David Kahn exit interview: He takes full responsibility, blames everyone else [AUDIO]
First, Kahn was bad. This season, he was just unlucky.
What was first reported last week became official yesterday: David Kahn is out as the Timberwolves' president of basketball operations after a mostly disappointing four years on the job (and the new POBO is a familiar face -- former Timberwolves coach Flip Saunders).
SEE ALSO: Kevin Garnett takes a shot at T-Wolves management, and who can blame him?
Right around the time the Wolves made Kahn's dismissal official with a press release, he actually called in to Dan Barreiro's KFAN radio show to willingly give what amounted to an exit interview. And in Kahn's classic sophist fashion, he somehow managed to accept full responsibility for all the mistakes that were made during his tenure while also offering a smorgasbord of excuses for those very same mistakes.
Here's what he had to say about some of the more memorable aspects of his run as Wolves POBO, followed by the raw audio:
Asked whether he'd be talking about his dismissal had the Wolves stayed healthier during an injury plagued 2012-13 season: "I truly do believe that if the team had maintained its health, that, no, we probably wouldn't be having this conversation today. But it didn't maintain its health. Some things are out of your control and there's nothing you can do about it."
More about injuries and some thoughts on the team's payroll: "We were able to put together a team the last couple years that if healthy would've been I think a really good team. In fact, now that some of the other teams in the Western Conference are having their share of injuries -- you know, I made a note to Glen the other day, you know, if we would've maintained our health we might've had a serious run in ourselves. I think we were able to manage to overcome almost anything, but the truth is, the payroll the last four years, the player payroll, was $200,000 away from being the 29th highest in the league, in a 30 team league. We had to do it that way by design because we knew that the team's revenue side was understandably going to be a little bit depressed coming out of the period where I came in [put differently, meet the underside of the bus, Kevin McHale]. In other words, this was a five-year period when I arrived where it was very lean.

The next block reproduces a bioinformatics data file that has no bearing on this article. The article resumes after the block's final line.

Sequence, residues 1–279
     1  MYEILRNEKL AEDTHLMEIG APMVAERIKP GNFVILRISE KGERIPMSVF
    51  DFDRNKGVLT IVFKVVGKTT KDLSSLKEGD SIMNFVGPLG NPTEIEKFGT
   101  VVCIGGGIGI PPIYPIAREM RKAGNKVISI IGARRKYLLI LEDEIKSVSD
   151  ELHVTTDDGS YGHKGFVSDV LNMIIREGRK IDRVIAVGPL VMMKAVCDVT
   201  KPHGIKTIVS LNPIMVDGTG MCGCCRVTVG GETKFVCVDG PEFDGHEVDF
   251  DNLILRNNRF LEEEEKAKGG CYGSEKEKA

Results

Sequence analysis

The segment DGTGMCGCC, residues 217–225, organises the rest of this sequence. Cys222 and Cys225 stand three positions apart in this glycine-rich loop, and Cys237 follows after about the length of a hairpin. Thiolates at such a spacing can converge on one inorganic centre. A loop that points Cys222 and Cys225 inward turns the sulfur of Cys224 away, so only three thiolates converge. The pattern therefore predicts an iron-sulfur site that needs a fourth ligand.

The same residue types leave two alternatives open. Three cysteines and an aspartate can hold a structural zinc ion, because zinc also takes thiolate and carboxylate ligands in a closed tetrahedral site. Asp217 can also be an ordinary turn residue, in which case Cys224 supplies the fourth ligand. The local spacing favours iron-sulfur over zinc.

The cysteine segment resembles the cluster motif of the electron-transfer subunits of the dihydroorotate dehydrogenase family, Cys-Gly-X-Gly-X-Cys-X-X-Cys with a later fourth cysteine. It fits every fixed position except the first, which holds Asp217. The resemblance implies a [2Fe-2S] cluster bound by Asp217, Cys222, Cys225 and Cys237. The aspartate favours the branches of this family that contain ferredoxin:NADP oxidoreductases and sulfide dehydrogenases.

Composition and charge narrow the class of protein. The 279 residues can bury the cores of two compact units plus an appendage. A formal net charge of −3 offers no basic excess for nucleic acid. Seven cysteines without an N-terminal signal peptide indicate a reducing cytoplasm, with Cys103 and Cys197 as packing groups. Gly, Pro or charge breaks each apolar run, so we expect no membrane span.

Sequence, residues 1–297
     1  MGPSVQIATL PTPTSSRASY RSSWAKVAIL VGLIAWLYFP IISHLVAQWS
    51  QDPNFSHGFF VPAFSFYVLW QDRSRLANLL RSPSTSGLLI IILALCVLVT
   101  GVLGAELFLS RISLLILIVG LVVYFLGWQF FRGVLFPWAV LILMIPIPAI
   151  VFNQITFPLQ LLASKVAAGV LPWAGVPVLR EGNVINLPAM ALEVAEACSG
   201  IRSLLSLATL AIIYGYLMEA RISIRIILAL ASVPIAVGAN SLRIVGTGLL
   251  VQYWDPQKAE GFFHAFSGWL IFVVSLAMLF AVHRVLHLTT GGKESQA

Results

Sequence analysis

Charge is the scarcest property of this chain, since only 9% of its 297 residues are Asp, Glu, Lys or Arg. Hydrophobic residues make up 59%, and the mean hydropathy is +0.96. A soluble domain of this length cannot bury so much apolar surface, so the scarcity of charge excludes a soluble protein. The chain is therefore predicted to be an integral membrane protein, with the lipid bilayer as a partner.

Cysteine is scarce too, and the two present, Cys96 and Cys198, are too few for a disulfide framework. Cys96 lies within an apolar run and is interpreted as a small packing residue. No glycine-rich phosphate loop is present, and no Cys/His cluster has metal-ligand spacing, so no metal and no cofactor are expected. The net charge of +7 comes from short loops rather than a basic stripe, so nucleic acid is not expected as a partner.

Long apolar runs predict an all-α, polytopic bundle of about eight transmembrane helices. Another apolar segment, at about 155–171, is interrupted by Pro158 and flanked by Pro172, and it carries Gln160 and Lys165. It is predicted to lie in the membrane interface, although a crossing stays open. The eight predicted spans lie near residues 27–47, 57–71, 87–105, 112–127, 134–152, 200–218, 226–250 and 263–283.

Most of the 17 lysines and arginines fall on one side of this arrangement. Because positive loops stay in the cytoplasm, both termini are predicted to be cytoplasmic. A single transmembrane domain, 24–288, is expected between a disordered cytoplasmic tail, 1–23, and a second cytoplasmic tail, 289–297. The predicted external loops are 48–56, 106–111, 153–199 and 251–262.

About Kevin Love, with whom he was said to have a not-exactly-friendly relationship: "Kevin is on a journey from the individual to the team. And that's a journey that many players take in all sports, but especially in our sport because of the way the players are, the way they're raised through the AAU programs and then they're one and done in college if they're really good like Kevin is. I think Kevin will make the journey successfully. He and I have had many positive conversations over the past two months, because I think he recognizes that this is going to be something he has to work on, or continue to work on. And so, I like him a lot. We share the same hometown, we share the same college. I think this year, he made a bad mistake when he did an interview where he was feeling very bad about himself.
About the absolutely disastrous in hindsight selection of Jonny Flynn with the sixth-overall pick in the 2009 NBA Draft: "In the '09 draft... I arrived on May 22, which was just too late to make a change on the scouting staff. Not that I intended to, but the feedback I got from the scouts was that they felt ignored, that they would do their scouting work all year long and nobody would listen to them at the end. Frankly, it was me who picked Rubio over somebody else's input just because I had seen him luckily in February before I took the job and as I look back on it, for us to have pulled out Rubio and Wayne Ellington out of the draft, who is now Dante Cunningham because we traded [Ellington] for him, under the circumstances, I don't feel too badly about that."
[Barreiro: "Are you saying you didnt make the Flynn pick?"] "Oh no, I own every pick. But Flynn was the number one point guard in the staff's eyes in that draft. He was ahead of Rubio on the board. And Jonny got hurt... nobody knew that Jonny had a bad hip at the time, it wasn't flagged in Chicago by the doctors, by all the doctors. And so, Jonny had a really good rookie year given the circumstances he was put in. On a very poor team, had an injury that year of itself [sic]. You know, that wasn't a bad rookie season. I think that Jonny lost a lot of his explosion when he got hurt, and I do believe Jonny will make a comeback provided he's healthy."
On the also disastrous in hindsight hiring of Kurt Rambis as Wolves head coach before the 2009-10 season: "I would agree that it didn't work out. I would agree that it was a decision at the time that seemed on paper to be a good one, but didn't work out. And I think, obviously, I own that as well."
Barreiro even asked Kahn whether Kevin Love really broke his hand (along with the Wolves' hopes of doing anything this season) doing knuckle pushups last fall. "I believe he did," Kahn replied.
Asked what he plans to do with his life from here, Kahn said the only thing on his agenda was to watch a couple of episodes of Mad Men at home last night and maybe have a glass of wine. That makes sense. After all, had he flipped on the NBA playoffs, he would've had to watch Stephen Curry (the player the Wolves could've had instead of Flynn) lead his team to the second round of the playoffs. We imagine that would've been a rather painful sight on the night the Glen Taylor decided to let him go.
-- Follow Aaron Rupar on Twitter at @atrupar. Got a tip? Drop him a line at firstname.lastname@example.org.
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